The Conservative Future
Here's an interesting essay by Matthew Sinclair, who posits a viable future for the Anglo-American right, and helps explain its current rifts:
Differences over social policy are real and I'm not going to pretend otherwise. However, libertarians should reflect that one of the main objectives of a conservative social policy is to avoid dependency on the state. Equally, conservatives should acknowledge that changes in social attitudes are making the libertarian position more popular on a growing number of non-economic issues. If all this is accepted then the compromise might become less galling.
Alone the libertarian and conservative movements are chronically vulnerable to the paradoxes that can undermine their success. By accepting the compromises that come with working together, the alliance can achieve so much more.
I still believe that conservatism is a better long-term ally for libertarianism than liberalism. That's why I called my book, "The Conservative Soul." Sinclair also sees how this might be easier in Britain, where the Christianist movement barely exists:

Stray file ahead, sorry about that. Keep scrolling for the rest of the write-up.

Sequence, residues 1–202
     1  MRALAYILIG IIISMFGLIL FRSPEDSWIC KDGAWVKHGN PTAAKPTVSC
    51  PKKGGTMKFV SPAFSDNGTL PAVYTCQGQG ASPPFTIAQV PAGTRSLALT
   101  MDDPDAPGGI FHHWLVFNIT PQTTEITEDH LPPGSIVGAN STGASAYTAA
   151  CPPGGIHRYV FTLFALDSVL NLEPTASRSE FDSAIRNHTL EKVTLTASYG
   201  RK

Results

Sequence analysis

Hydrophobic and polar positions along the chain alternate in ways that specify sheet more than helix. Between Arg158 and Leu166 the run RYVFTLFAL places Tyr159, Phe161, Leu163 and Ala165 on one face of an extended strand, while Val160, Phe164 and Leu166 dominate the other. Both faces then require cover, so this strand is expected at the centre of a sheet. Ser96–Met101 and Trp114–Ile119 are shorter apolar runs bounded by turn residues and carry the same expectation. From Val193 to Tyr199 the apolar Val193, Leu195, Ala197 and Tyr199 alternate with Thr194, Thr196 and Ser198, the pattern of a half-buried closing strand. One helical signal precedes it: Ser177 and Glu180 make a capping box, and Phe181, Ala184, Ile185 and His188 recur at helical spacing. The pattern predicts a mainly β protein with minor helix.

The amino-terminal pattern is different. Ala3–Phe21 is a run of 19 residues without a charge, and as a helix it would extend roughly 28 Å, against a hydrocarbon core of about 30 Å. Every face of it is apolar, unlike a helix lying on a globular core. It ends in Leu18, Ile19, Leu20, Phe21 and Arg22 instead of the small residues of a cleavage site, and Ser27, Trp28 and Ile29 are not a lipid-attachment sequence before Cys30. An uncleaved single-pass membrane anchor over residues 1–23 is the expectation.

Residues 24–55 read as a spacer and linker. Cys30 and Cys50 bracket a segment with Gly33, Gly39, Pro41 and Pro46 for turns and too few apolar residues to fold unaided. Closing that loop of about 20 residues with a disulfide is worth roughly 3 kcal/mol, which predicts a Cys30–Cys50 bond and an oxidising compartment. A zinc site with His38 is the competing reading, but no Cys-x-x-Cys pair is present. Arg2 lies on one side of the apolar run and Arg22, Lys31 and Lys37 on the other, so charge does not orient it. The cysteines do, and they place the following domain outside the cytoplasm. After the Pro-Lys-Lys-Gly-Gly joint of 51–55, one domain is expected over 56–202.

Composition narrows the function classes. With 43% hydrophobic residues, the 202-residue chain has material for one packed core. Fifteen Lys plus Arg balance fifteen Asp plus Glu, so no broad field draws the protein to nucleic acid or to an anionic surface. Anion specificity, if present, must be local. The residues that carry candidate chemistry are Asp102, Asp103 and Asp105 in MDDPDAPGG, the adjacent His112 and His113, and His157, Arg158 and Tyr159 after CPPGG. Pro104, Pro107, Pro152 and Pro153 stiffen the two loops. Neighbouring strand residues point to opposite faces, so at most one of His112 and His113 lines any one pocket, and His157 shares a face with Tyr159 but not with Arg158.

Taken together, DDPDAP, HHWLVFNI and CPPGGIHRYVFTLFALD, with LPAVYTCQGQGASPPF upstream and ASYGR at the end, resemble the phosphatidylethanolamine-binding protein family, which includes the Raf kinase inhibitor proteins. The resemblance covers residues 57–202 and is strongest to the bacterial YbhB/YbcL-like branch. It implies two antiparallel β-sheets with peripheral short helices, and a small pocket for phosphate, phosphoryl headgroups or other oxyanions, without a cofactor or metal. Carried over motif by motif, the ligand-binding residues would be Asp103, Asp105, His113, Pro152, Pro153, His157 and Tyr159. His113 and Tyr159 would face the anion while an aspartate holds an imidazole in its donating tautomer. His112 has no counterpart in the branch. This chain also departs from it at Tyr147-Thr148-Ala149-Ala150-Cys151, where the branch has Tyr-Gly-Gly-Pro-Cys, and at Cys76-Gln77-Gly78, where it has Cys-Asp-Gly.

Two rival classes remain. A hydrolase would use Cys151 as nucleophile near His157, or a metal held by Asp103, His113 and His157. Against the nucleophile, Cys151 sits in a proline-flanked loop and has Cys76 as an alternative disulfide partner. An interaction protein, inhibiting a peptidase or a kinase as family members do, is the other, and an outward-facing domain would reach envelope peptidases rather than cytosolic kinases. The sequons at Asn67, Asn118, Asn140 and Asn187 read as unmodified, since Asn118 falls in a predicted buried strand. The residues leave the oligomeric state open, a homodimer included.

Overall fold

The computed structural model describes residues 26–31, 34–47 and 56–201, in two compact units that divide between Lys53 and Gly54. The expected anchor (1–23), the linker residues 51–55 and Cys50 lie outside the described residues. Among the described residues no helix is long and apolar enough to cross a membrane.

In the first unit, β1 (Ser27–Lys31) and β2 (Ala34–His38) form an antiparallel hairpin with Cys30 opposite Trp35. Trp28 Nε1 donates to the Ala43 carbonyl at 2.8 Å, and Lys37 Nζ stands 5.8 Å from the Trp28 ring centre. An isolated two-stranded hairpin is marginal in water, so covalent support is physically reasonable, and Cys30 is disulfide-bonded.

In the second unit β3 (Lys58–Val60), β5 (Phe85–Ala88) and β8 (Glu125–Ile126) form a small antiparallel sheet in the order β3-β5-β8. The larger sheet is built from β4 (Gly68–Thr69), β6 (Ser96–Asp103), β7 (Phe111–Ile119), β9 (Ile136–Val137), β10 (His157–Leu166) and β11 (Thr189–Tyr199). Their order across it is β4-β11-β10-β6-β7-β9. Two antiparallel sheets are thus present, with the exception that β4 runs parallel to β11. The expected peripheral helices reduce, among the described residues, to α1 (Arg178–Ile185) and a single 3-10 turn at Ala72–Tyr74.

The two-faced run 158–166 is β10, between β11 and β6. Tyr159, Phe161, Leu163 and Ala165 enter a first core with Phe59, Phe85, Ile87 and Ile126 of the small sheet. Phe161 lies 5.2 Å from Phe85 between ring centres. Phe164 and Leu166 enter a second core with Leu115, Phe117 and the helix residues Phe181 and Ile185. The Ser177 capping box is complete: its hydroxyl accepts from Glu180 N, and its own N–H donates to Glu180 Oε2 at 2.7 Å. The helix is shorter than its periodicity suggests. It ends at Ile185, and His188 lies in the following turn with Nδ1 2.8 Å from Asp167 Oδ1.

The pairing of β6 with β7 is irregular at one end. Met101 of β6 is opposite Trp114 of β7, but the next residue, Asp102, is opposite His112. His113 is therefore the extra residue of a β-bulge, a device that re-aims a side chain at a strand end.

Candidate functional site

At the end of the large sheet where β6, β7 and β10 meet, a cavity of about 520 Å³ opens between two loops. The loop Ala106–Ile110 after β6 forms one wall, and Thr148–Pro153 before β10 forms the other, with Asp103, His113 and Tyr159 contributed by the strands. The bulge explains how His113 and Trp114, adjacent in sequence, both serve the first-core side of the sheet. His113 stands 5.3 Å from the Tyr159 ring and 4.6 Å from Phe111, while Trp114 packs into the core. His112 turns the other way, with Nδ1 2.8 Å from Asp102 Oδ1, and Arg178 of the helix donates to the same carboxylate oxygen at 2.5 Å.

Kieron O'Hara's book "After Blair" was recently published in a second edition thanks to the election of David Cameron and the adoption of nearly all the first edition's recommendations by the Conservative Party. His book sets Cameron's politics in perspective as part of a long conservative philosophical tradition of sceptical moderation handed down from old thinkers like Montaigne and Burke (Oakeshottian conservatism is probably the closest approximation of O'Hara's position in the American debate).
Montaigne, Burke, Oakeshott: the key triad.